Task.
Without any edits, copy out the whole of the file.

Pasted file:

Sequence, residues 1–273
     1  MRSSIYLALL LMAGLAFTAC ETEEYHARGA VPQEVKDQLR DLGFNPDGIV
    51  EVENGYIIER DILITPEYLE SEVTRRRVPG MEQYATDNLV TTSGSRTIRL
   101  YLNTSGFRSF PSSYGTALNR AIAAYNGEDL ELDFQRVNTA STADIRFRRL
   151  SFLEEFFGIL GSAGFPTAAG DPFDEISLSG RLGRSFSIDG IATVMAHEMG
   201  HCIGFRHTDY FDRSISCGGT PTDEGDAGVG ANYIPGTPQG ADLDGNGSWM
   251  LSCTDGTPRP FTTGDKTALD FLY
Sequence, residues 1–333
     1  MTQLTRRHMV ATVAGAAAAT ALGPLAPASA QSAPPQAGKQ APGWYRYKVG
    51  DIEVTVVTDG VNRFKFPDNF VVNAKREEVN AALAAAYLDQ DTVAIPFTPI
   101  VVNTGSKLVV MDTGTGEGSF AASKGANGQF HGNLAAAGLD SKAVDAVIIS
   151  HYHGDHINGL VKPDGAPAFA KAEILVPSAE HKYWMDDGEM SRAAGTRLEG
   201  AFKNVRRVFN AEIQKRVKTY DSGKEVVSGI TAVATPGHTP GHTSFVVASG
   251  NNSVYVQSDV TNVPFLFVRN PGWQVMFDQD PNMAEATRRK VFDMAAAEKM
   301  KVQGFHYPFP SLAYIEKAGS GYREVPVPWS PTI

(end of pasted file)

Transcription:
Sequence, residues 1–273
     1  MRSSIYLALL LMAGLAFTAC ETEEYHARGA VPQEVKDQLR DLGFNPDGIV
    51  EVENGYIIER DILITPEYLE SEVTRRRVPG MEQYATDNLV TTSGSRTIRL
   101  YLNTSGFRSF PSSYGTALNR AIAAYNGEDL ELDFQRVNTA STADIRFRRL
   151  SFLEEFFGIL GSAGFPTAAG DPFDEISLSG RLGRSFSIDG IATVMAHEMG
   201  HCIGFRHTDY FDRSISCGGT PTDEGDAGVG ANYIPGTPQG ADLDGNGSWM
   251  LSCTDGTPRP FTTGDKTALD FLY
Sequence, residues 1–333
     1  MTQLTRRHMV ATVAGAAAAT ALGPLAPASA QSAPPQAGKQ APGWYRYKVG
    51  DIEVTVVTDG VNRFKFPDNF VVNAKREEVN AALAAAYLDQ DTVAIPFTPI
   101  VVNTGSKLVV MDTGTGEGSF AASKGANGQF HGNLAAAGLD SKAVDAVIIS
   151  HYHGDHINGL VKPDGAPAFA KAEILVPSAE HKYWMDDGEM SRAAGTRLEG
   201  AFKNVRRVFN AEIQKRVKTY DSGKEVVSGI TAVATPGHTP GHTSFVVASG
   251  NNSVYVQSDV TNVPFLFVRN PGWQVMFDQD PNMAEATRRK VFDMAAAEKM
   301  KVQGFHYPFP SLAYIEKAGS GYREVPVPWS PTI